Unger Sterling Silver Early 20th Century Bowl in Art Nouveau Style
Unger Brothers, sterling silver bowl in Art Nouveau style with a rim richly adorned with tri-dimensional natural motifs including sculptural roses. It measures 10 1/4'' in diameter by 2 7/8'' in height, weighs 10.3 troy ounces, and bears hallmarks and an engraved monogram at the center as shown.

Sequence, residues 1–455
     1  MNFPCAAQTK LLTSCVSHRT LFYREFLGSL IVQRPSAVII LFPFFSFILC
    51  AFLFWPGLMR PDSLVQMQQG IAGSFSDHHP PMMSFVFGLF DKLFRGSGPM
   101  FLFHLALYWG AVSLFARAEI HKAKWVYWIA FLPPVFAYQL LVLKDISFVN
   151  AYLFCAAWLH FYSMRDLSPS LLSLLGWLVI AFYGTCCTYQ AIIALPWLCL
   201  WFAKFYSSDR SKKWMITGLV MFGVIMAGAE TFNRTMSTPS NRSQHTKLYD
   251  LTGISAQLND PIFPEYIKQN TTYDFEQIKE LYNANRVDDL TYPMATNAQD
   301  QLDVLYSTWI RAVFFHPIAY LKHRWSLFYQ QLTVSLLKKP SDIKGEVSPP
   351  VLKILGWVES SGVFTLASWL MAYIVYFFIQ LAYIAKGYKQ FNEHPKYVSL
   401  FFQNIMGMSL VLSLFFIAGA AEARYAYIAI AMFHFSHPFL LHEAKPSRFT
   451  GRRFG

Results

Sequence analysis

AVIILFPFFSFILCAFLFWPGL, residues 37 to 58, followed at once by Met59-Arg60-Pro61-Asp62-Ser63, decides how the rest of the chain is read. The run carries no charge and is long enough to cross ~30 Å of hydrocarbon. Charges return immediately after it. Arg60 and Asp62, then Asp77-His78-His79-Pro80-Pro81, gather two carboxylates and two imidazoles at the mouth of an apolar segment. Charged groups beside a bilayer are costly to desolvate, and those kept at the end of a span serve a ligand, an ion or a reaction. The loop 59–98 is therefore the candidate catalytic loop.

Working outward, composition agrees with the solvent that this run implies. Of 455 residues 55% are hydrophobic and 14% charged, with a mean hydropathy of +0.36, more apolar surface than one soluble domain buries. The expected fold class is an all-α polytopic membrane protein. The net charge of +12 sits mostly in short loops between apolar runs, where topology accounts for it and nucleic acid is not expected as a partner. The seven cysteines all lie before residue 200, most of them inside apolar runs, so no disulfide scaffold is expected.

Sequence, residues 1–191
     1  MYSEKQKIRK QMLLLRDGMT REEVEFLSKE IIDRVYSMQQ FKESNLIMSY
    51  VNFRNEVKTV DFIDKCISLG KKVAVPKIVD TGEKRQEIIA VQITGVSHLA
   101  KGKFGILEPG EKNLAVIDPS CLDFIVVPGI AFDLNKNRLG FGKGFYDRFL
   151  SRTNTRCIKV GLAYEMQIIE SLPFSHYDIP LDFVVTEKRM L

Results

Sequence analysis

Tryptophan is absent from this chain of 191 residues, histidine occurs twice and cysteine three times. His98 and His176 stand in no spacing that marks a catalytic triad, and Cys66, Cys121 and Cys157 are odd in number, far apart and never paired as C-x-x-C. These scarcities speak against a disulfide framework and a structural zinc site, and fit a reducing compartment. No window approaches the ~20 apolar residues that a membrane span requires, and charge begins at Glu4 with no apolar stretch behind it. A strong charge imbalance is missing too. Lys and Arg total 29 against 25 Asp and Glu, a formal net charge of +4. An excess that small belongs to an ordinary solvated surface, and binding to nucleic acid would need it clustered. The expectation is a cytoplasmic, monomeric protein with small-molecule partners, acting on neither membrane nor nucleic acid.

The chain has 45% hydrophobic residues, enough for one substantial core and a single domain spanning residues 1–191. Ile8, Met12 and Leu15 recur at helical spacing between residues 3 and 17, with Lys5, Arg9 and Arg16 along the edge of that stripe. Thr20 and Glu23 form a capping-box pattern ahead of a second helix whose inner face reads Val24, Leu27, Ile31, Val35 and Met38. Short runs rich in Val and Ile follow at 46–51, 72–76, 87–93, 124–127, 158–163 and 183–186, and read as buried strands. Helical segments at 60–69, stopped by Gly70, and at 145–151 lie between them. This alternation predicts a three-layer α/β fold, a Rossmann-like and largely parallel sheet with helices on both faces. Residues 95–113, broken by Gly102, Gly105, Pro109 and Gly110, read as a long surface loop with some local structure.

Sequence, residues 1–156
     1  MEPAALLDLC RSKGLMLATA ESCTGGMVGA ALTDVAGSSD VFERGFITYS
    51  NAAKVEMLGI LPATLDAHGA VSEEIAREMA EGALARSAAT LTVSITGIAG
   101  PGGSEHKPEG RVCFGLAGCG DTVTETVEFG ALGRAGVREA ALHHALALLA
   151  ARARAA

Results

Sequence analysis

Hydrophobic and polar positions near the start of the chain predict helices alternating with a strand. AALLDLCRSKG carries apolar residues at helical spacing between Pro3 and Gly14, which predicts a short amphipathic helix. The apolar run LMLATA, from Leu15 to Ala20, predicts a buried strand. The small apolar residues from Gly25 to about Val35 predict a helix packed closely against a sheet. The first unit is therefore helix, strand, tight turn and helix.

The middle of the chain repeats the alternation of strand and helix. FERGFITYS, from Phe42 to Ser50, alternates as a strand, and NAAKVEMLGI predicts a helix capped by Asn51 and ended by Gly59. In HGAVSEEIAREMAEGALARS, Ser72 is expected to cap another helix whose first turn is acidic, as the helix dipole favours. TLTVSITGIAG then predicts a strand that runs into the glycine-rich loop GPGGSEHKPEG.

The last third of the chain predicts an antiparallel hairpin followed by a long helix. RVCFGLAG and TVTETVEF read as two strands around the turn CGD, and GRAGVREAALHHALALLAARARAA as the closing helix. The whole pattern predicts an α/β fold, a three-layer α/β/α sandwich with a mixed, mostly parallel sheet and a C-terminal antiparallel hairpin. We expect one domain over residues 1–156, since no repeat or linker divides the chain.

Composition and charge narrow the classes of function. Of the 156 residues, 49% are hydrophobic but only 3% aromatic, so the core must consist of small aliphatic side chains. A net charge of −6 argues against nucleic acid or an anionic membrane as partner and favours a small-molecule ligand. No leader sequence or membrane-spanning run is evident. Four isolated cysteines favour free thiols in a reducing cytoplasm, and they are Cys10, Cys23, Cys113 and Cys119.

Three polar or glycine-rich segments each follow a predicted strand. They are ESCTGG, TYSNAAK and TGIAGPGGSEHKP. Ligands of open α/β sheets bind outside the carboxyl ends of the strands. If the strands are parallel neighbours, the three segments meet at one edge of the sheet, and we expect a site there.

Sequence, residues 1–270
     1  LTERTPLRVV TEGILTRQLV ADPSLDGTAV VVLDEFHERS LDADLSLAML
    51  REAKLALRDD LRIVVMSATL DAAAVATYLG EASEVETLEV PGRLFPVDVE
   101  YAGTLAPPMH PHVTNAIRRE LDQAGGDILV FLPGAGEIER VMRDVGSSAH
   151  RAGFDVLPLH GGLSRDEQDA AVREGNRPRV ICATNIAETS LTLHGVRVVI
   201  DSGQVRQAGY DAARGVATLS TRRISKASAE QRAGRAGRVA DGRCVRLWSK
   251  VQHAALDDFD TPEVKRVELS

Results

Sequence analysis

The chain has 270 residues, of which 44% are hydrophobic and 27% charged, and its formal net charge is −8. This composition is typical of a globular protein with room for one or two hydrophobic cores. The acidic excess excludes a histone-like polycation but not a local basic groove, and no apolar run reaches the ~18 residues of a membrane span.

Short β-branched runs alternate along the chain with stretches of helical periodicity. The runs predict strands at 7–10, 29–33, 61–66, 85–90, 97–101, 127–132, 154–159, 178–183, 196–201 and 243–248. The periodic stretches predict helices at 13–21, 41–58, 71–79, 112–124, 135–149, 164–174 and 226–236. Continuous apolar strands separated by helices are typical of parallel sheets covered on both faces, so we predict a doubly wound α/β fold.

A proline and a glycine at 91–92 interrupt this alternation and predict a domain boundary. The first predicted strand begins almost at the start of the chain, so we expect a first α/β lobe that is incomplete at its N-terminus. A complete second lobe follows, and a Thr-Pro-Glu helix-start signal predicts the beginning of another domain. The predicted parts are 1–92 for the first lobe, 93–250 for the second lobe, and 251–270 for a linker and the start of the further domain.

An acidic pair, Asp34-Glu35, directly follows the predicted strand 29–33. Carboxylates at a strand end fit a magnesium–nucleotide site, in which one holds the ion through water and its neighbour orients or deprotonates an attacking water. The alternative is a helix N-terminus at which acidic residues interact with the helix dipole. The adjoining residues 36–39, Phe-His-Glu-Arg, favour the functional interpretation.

Unger Bros. or Unger Brothers (1872–1910) was a jewelry company in Newark, New Jersey, best known for their sterling silver Art Nouveau designs. The company was established by five sons from a German immigrant family. The oldest founded a jewelry business between 1870-1872 and began the manufacture of sterling silver items in 1878. Other sons gradually joined the firm, among them a silversmith and an engraver whose brother-in-law became the leading artistic designer. By 1901, the firm had just under 300 employees. While most items were jewelry, they also produced tableware. Unger Bros. work is collected in the permanent collections of prestigious museums, such as the Brooklyn Museum, the Metropolitan Museum of Art, where their tray is on display, and the RISD Museum.
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